Promise of Stimulus Lifts PowerShares Building & Construction ETF

 |  Includes: CAT, DY, FLR, HD, JEC, LOW, MHK, MLM, MTZ, NVR, PKB
by: Don Dion

After dipping to a 52-week low in late November, PowerShares Dynamic Building and Construction (NYSEARCA:PKB) rallied quickly in December, proffering a 36.2% return in the last month. While the fund’s returns are still down nearly 40% year to date, recent portfolio adjustments and the promise of a new public works agenda by the incoming administration have helped the fund gain momentum in recent weeks. As of December 16, PKB held the No. 59 spot in our Sector Momentum Tracker rankings, improving from its No. 75 position on November 25.

PKB tracks the Building & Construction Intellidex Index. Components of the index have to meet a variety of criteria: fundamental growth, stock valuation, investment timeliness and risk factors. PKB’s index is composed of 30 U.S. building and construction companies. These companies provide construction and engineering services for the building and remodeling of residential, commercial and industrial properties. Some of the included companies also engage in large-scale infrastructure projects.

PKB is rebalanced on a quarterly basis, and since Sector Momentum Tracker last reviewed the fund in August, four out of the top 10 components have changed. Since August, Quanta Services (NYSE:PWR), Manitowoc (NYSE:MTW), NCI Building Systems (NYSE:NCS) and Terex Corp. (NYSE:TEX) have all lost their place among PKB’s top 10 components, with PWR, MTW and TEX losing their place in the index altogether. The removal of these components has cleared the way for top 10 additions like Martin Marietta Materials (NYSE:MLM), Home Depot (NYSE:HD), NVR Inc. (NYSE:NVR) and Dycom Industries (NYSE:DY).

The addition of four new stocks to the index has benefited PKB investors through exposure to companies that are holding up comparatively well during the economic downturn. Despite its recent weakness, Dycom has contributed to the U.S. telecommunication infrastructure and to contracting services for construction and engineering projects for more than 40 years. A component like this—which has demonstrated endurance through other economic downturns—could be a good addition to U.S.-based PKB.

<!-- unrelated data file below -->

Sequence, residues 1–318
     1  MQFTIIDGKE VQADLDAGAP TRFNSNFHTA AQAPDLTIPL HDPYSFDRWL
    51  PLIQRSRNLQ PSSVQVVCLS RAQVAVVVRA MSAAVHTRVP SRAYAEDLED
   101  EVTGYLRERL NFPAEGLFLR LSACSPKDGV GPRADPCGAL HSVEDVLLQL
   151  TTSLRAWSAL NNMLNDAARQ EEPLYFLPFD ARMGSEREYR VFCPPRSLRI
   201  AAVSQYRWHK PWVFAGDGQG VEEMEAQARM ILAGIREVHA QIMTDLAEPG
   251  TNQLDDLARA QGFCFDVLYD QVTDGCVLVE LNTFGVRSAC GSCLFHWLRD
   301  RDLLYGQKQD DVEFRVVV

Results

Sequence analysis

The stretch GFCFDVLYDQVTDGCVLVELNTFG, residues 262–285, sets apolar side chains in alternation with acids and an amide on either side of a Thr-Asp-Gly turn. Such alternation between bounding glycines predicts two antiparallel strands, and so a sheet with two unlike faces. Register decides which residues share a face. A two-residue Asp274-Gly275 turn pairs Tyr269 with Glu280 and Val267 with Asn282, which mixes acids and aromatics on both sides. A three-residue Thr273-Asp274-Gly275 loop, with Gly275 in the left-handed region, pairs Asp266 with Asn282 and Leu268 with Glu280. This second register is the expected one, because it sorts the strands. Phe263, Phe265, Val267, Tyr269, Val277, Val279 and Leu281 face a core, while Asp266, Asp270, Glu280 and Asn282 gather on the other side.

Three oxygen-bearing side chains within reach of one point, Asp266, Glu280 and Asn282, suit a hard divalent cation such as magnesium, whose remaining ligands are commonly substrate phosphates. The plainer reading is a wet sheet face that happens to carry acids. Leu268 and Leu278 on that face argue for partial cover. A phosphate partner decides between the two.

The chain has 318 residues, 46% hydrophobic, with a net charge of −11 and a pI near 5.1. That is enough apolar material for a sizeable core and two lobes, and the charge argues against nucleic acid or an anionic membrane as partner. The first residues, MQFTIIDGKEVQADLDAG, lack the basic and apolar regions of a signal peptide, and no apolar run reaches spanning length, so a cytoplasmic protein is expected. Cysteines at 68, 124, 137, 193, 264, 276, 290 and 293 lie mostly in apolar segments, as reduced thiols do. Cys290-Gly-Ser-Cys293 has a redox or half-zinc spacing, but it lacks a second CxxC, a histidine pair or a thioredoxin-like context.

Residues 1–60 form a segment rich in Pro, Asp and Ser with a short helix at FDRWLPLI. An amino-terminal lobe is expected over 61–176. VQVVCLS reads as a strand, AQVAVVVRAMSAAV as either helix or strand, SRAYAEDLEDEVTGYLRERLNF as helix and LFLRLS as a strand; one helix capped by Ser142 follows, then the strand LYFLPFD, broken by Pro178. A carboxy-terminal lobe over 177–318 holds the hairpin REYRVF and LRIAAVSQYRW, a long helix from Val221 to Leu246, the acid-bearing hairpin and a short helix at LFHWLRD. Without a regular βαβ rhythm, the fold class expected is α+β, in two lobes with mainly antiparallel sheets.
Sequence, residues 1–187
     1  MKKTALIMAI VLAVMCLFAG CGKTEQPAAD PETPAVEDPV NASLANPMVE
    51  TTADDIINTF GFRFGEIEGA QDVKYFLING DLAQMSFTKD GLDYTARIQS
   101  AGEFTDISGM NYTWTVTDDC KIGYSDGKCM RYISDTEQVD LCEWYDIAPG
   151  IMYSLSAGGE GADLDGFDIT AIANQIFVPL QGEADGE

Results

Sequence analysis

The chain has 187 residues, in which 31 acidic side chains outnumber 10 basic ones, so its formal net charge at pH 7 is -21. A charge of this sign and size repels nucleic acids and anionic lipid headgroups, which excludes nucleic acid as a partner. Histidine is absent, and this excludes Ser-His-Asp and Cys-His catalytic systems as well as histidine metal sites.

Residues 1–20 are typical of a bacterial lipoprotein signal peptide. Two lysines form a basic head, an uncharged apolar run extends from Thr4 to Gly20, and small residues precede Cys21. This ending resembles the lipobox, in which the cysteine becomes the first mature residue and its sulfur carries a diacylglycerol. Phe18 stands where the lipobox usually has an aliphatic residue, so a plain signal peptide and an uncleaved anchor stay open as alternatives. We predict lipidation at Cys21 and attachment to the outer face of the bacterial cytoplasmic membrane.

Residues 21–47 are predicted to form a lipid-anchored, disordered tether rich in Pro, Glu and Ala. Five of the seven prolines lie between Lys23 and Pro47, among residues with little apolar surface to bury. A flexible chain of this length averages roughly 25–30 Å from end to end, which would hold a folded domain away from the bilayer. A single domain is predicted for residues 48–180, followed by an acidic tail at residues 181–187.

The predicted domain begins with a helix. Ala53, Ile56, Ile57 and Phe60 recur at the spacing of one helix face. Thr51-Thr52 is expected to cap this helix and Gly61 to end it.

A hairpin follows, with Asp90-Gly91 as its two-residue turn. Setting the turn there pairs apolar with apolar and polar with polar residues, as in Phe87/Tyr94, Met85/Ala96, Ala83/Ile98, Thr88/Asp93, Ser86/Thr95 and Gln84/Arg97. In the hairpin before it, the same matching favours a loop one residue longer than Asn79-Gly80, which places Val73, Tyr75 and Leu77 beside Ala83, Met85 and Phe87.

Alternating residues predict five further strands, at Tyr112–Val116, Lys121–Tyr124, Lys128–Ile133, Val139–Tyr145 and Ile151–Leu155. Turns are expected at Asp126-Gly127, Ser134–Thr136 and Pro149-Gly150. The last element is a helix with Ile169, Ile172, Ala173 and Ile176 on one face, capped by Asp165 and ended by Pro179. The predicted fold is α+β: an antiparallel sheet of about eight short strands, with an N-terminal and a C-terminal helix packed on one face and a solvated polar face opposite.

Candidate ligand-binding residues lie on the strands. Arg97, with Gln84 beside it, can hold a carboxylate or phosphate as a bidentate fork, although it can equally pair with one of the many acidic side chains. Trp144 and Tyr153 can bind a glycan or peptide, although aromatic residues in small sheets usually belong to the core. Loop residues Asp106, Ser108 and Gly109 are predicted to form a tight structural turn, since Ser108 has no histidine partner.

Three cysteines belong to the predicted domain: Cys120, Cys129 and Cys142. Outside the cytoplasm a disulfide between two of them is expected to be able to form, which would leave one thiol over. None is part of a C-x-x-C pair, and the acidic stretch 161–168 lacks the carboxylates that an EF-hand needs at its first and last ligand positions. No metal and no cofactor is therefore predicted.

Home Depot (HD), now the fourth-largest holding in PKB, experienced a bounce upon news of the latest rate cut. HD had lost steam in 2008 as current homeowners cut back on renovations and new homeowners found it increasingly difficult to procure loans. As the Fed cut rates to near zero, shares of HD reacted to the news with a rally. MLM, now the third-largest component in PKB, is a favorite analyst pick to benefit from a federal infrastructure program. The North Carolina aggregates producer could see more business with a federal plan in 2009, a move that would benefit PKB’s investors.

PKB’s current top holding, Mohawk Industries (NYSE:MHK), has been in the fund for the long haul in 2008. Since August, MHK has grown to represent a larger portion of the PKB portfolio, shifting from 4.36% of assets on August 1 to 6.40% of assets on December 19. MHK’s business is concentrated, and the company focuses on the production and sale of floor covering products for residential and commercial use in the U.S. and Europe. Cowen and Company upgraded shares of MHK from neutral to outperform on December 15, noting that the recent decline in oil prices and inventory reductions could boost free cash flow in 2009. MHK investors have rallied around the stock in recent weeks, believing that MHK’s 49% decline in Q4 of 2008 represents a turnaround point for the company.

Investment in a smaller sector fund like PKB inherently carries more risk than a larger, broader approach. PKB’s index includes a range of different-sized firms, and investors’ exposure to smaller-cap companies through the fund will also add investment risk.

The greatest challenge when investing in PKB, as with many ETFs, is that the low trading volume in the fund will lead to illiquidity and price dislocation. In the last three months, only 44,000 shares of PKB have traded per day on average, an indication that investor interest in the fund is relatively low. Volatility in PKB seems to peak during opening and closing trading periods, so it may be wisest for investors to trade the fund in smaller lots during the middle of the trading day.

Despite a notable lack of volume and subsequent liquidity concerns, PKB’s index has shown remarkable strength during an otherwise difficult period. Changes to the index in recent months have helped PKB’s investors garner returns and have also helped the fund steadily increase its momentum in our rankings. As smaller investors approach the new year looking for more conservative sector opportunities, PKB could provide a profitable addition for some portfolios.